Wednesday, March 28

My measuring jug spontaneously exploded!

I was peacefully getting my dinner ready today and used my trusty old toughened glass measuring jug to make some stock.

I had just put the caserole dish into the oven and started clearing up the work area. Picking up some knives that needed washing, I placed them in the measuring jug to reduce the space they were taking up.

As soon as the knives touched the bottom of the jug, it exploded into tiny pieces!
No force was used, in fact seconds/minutes earlier I was stirring the stock with a stainless steel spoon with similar force.

No joke, some four letter words were uttered and various other gasps of amazement. It was like some weird phenomena you hear about on some dodgy web site about ghosts or UFOs. The photo shows the end result but is only a small area.

Actually after the shock and awe, I realised it was going to be a pain in the butt to clean up, because there were hundreds of tiny slithers (really tiny, some are to small to be picked up by the camera) of glass all over the work surface that I use to prepare food as well as the sink area where clean plates etc. were drying.

Jokingly it reminded me of the chocolate cream egg adverts where they are animated exploding (why is that amusing?!).

I have heard of this happening before (I think). The tension in the old toughened glass couldn't take a small knock and the whole thing disintegrated. It's interesting that a small knock at probably a single point caused a catastrophic destruction of the complete object. Makes you want to know just what happened at the molecular level and how that rippled through the object.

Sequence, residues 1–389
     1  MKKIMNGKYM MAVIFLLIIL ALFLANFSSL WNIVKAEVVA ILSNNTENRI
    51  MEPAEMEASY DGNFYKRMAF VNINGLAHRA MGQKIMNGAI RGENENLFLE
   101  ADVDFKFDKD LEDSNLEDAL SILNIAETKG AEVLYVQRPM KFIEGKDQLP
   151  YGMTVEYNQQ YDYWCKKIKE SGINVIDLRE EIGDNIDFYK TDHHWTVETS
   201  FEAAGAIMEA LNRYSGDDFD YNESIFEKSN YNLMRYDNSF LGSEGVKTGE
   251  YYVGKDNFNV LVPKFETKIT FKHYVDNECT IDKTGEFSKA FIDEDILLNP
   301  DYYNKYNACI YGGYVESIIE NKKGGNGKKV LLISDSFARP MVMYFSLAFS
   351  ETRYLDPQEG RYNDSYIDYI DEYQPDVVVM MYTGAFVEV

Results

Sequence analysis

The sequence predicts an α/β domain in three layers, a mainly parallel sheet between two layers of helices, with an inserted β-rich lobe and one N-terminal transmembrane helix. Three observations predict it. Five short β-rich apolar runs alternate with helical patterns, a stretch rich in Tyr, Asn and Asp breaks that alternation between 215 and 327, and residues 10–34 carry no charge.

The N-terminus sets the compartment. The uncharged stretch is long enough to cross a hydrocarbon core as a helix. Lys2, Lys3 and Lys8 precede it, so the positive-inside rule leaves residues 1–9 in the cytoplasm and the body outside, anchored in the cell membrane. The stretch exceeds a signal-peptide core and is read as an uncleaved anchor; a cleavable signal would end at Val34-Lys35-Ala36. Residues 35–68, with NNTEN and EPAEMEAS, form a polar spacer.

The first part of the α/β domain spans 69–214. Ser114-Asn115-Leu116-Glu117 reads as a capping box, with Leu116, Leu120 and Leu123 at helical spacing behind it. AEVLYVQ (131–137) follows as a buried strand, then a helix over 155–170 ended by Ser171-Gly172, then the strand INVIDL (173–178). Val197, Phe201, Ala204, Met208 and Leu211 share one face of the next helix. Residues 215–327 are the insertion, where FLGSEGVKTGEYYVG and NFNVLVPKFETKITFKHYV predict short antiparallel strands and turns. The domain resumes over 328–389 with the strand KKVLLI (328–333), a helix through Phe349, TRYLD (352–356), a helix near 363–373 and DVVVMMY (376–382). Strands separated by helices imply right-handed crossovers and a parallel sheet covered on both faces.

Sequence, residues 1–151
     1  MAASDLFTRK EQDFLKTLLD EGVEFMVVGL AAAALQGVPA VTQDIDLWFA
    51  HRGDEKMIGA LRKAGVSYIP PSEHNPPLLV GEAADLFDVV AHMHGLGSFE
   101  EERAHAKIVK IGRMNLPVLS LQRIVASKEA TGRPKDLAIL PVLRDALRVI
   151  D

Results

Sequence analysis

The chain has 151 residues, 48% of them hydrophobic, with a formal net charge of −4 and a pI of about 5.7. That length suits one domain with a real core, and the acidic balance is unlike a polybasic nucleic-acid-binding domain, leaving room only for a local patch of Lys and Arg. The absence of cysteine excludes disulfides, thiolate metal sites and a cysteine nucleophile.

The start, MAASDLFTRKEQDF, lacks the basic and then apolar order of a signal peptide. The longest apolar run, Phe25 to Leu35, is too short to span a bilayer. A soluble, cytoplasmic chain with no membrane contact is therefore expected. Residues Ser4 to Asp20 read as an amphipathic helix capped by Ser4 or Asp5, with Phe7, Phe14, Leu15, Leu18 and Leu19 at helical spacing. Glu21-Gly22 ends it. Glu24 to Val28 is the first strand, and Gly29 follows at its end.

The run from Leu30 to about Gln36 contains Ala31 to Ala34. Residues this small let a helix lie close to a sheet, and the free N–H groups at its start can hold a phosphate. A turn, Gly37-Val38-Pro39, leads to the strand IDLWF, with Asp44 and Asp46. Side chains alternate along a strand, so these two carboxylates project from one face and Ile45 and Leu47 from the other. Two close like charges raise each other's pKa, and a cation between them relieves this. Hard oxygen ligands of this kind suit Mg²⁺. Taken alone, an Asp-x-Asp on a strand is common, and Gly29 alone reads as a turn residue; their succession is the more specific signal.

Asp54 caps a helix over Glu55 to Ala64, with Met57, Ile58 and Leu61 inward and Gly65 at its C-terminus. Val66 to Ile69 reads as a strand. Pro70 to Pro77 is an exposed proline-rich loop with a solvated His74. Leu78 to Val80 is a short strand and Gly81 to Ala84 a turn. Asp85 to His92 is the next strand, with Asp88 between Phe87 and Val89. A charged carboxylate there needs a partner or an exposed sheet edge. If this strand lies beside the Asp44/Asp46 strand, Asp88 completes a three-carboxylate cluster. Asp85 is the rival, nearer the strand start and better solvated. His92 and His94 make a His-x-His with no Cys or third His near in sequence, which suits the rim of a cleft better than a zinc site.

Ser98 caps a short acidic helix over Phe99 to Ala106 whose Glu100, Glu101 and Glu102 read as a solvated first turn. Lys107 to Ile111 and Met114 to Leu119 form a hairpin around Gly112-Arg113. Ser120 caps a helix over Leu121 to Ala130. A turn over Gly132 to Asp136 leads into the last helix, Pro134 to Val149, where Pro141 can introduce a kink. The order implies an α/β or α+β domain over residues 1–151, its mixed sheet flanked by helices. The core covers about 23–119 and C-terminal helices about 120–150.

I guess it could have done the same whilst I was making the stock, not sure if that would have been better, at least it would have ended up on the floor instead of over the work surface.

Update: I have noticed that fine glass dust is around the area, so the whole cleaning process is like some sort of decontamination scene. I think the work surface is clear, so can return carefully checked items at one end of the work surface. The sink area is a nightmare, will have to carefully examine each plate, fork etc for signs of glass. I'm going to be double checking every item for weeks now!


Anonymous said...

I experienced exactly the same problem the glass jug exploded luckily downwards if it had gone up it could have taken my face off.
The glass was similarly shaped to the old windscreens in a car they were square shaped. The noise and chaos was amazing if it had been a branded jug I would have written to the manufacturers as it is very dangerous

TheVille said...

I am not a hundred percent certain, but I think mine was Pyrex. The problem is that the process of toughening, causes 'balanced' internal stresses.

If the glass is damaged/scatched over time, when it is hit/touched in the riight place, it can upset that balance and the stresses unravel, causing it to disintegrate.

Here is a Wikipedia page on the subject:

Anonymous said...

Had the same thing happen to us a couple of weeks ago. Bought a toughened glass measuring jug (not branded) from Asda, husband was removing it from the (cold) dishwasher, and it exploded in his hand. Glass everywhere. Like you said, much of it too tiny to see. The noise was incredible, and the shards - some square, like shattered windscreen, and some evilly sharp and pointy - had covered every surface within 10 feet. Thank god none of our children were in the kitchen. Reported it to Asda, who were very good about it, but a quick internet search shows that this is far from an isolated problem.

royalpink said...

I had my Asda jug in the fridge, full of yogurt. It exploded in the fridge, leaving a terrible mess of yogurt and glass everywhere. I have phoned Asda. They advise to come in to customer services.
This is a health and safety issue, as it could be very dangerous for anyone, especially children.

TheVille said...

royalpink good luck with that.

Found this interesting article:

I think AARP is an American pensioners organisation.

It mentions some research that suggested it might be something to do with the different glass used today compared with older products.

Although the manufacturers suggested modern products were safer and rejected the research.